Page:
Wednesday, December 8, 2010

   There is beauty in the northeast, lived here all my life.  Now the winter is setting in, 27degrees this morning.  We still live in the modest home we built forty years ago and although the kids are grown and the economy being as it is, we can only put off moving to a smaller home or a warmer climate.  Being that our house is all electric, we have put in the solar on the roof and installed the pellet stove to try to cut the cost of the winter fuel bill.  I have always wondered why with so much coal, natural gas, and oil off our shores to be had, we would be dependent on other countries for our energy supply.  I learned today of a new pipeline in the works coming from Canada.  Seems the environmentalists want the President to take another look at the process.  As for me, my concern is to keep warm this winter and to live long enough to leave the northeast and live where I am able to sit outside year round and not have to shovel snow.

Congressmen push Obama to review Alberta pipeline

Warning that a proposed Alberta oilsands pipeline poses “major environmental and public health hazards” to the United States, more than two dozen members of Congress are pressing the Obama administration to conduct a new eco-review of the controversial project.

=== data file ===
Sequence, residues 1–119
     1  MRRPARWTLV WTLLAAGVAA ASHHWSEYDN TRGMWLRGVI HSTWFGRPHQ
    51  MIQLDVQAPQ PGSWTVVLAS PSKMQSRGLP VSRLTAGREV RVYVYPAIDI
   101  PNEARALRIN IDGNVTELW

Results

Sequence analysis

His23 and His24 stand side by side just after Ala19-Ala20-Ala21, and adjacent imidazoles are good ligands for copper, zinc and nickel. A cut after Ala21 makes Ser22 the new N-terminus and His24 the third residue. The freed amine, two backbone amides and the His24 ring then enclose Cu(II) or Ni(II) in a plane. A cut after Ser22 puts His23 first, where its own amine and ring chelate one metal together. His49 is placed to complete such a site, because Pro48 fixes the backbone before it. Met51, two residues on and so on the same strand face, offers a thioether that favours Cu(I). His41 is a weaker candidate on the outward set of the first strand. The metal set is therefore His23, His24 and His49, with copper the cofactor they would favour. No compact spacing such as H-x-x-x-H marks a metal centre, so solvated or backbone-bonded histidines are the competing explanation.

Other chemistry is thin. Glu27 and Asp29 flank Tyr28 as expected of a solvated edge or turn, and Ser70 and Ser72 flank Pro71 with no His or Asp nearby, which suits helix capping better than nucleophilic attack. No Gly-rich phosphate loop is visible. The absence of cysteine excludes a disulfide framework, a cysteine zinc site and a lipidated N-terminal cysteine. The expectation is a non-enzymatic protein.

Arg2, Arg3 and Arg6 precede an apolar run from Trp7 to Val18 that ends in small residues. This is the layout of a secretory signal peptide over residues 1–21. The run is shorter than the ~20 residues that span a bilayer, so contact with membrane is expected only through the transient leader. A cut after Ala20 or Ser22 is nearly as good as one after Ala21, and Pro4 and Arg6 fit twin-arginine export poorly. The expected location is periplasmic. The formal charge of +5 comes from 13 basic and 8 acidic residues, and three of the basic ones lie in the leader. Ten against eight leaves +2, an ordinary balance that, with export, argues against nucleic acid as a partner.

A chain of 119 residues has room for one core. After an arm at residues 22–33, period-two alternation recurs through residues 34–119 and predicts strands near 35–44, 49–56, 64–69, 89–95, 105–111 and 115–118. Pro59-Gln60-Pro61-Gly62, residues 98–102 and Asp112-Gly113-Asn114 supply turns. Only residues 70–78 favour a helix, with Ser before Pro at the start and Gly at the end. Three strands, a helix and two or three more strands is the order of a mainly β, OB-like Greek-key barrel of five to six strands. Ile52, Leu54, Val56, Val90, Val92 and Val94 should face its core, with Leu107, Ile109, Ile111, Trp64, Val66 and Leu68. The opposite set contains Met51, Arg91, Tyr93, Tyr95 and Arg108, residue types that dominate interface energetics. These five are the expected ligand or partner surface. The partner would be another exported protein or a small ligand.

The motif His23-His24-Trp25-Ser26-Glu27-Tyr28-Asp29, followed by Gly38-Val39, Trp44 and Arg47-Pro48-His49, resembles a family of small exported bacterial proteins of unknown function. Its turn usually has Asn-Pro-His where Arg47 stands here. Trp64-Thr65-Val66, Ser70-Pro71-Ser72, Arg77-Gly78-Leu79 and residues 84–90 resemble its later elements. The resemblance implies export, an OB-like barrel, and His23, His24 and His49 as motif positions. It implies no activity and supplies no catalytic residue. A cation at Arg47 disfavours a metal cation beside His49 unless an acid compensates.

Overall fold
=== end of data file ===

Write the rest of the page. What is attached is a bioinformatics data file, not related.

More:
In a letter to Secretary of State Hillary Clinton, 28 lawmakers have asked for a “supplemental” environmental impact statement to be conducted on Calgary-based TransCanada’s planned Keystone XL pipeline.
The letter was signed by Tennessee Democrat Steve Cohen, a member of the House transportation and infrastructure committee, and 27 others.
The lawmakers said they have “become increasingly concerned that the State Department is inadequately evaluating the pipeline’s lifecycle environmental impact.”
The 2,700-kilometre-long Keystone XL pipeline, slated to run through six U.S. states, would carry up to 375,000 barrels of oil per day from northern Alberta to ports along the U.S. Gulf Coast. The $7-billion project is under review by the State Department, which is responsible for approving or rejecting its construction because the pipeline will cross an international border.

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